An affordable and accessible alternative to therapy, mHealth apps offer an interesting modern-day solution to managing (to some degree) mental health issues. The best apps provide helpful tools to manage stress and guide users towards healthy habits.
This is typically done with mood trackers, reminders/notifications, or the scheduling of daily activities (i.e., mindfulness). But most importantly app developers need to continue to focus on how to make the user’s experience truly personal; something that goes beyond guided meditation and AI interaction.
What is Wellness?
Wellness apps help improve a person’s overall wellness. This isn’t necessarily the same thing as raw fitness. These apps measure a range of metrics at the gym and can track everyday stats like steps taken and heart rate.
But wellness apps have a very holistic view of health — they can measure a person’s sleep patterns, ensure they’re not on their screens for too long, and even offer games designed to keep a person mentally sharp.
There are currently more than 150,000 wellness apps available across multiple platforms. To call the popularity of wellness apps a “trend” is an understatement — they’ve been around for years now and show no signs of slowing down.
Wearables are Evolving
Wearable health monitors continue to be popular (and life-saving) options. Continuous glucose monitors allow users who have diabetes to make food decisions in real-time while also monitoring their physical activity and medication — reducing the overall need for repeated (and painful) finger-prick tests. Cardiac health monitors also continue to be a vital monitoring device for anyone with a heart condition. These devices are becoming more sleek and streamlined, collecting data for regular cardiovascular tracking.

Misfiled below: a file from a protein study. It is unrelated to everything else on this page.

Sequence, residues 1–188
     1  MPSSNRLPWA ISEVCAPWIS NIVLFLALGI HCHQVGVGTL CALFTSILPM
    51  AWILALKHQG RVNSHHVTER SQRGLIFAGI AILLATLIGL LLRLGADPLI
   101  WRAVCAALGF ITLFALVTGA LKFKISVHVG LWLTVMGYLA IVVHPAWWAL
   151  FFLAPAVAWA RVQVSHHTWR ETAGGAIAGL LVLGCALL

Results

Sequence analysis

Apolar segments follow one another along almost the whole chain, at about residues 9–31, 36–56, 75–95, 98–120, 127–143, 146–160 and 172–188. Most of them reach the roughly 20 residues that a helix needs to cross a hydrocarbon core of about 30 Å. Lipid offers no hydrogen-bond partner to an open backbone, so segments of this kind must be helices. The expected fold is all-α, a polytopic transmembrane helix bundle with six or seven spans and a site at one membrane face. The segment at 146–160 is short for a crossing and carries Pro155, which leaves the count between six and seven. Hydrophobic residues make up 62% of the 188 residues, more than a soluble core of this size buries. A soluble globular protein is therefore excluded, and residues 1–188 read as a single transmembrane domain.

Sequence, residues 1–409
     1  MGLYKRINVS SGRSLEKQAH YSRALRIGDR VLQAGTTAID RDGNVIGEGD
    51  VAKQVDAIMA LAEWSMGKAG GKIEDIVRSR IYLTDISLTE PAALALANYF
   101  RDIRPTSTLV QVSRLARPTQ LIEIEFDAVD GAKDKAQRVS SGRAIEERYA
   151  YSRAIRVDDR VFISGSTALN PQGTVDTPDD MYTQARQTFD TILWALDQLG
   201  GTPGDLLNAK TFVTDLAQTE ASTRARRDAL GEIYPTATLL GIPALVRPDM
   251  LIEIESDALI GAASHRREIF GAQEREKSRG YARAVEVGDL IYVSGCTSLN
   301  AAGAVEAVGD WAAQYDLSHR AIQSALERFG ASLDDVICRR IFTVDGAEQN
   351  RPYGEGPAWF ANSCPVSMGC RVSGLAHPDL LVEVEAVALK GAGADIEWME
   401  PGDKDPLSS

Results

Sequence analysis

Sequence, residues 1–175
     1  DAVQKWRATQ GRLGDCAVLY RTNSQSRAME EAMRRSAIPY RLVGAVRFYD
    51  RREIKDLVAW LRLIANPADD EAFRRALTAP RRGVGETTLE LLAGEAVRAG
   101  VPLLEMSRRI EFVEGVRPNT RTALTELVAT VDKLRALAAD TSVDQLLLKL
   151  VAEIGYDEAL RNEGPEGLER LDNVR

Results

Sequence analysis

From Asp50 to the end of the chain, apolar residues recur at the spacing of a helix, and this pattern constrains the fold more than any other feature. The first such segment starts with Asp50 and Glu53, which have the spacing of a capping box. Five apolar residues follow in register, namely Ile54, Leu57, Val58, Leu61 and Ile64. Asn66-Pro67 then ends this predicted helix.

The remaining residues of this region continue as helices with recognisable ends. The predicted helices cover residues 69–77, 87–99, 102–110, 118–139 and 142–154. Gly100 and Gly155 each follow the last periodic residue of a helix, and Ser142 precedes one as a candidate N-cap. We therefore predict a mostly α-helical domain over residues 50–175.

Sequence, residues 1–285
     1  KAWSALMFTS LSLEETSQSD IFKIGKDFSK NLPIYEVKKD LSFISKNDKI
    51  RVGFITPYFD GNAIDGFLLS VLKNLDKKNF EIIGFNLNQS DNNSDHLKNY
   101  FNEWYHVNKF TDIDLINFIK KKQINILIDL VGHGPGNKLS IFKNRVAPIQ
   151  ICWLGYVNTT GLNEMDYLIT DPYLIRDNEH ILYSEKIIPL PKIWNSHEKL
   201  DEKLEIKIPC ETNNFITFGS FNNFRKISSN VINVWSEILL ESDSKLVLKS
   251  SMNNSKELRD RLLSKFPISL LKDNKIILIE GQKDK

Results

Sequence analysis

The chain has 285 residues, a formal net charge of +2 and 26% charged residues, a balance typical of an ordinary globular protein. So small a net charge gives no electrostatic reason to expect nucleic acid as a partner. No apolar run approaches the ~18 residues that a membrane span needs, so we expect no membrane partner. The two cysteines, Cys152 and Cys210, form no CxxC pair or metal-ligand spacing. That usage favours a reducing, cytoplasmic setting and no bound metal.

Startups focusing on the mHealth space are not only focusing on consumers, but also on developing apps that directly help doctors. Read more about mHealth startups that are making a difference here, or you can check out RxTx mobile, which is produced by the Canadian Pharmacists Association (CPhA) and has collated a great deal of the data found in the massive, printed Compendium of Pharmaceuticals and Specialties (CPS).
Available through mobile as well as integrated EMR channels, it boasts more than 2,000 fully bilingual, Health Canada approved product monographs for vaccines, medications, and natural health products.
Featuring condition-based medication tables formatted for quick access to dosage, adverse effects, medication interactions, and relative costs. It runs on iOS and Android devices.
Sleep is paramount to overall health, which makes wearables that help people get to sleep increasingly popular. There are apps for your FitBit or smartphone that track sleep patterns, and even wearable headbands that can monitor your heart rate during sleep. Sleepace is currently developing a “smart pillow” to help monitor sleep habits to ensure you’re using the best sleeping position for your body.
If you have the next groundbreaking mHealth app idea, here are some tips to keep in mind when looking for the right app developer.
Look for a mobile app team that understands the importance of each stage of the development process, and believes in the democratization of that process. Look for a partner in design that will involve you, the client, at every step. Look for companies that boast low-iteration wireframing and heavy client involvement, and you’ll be well on your way.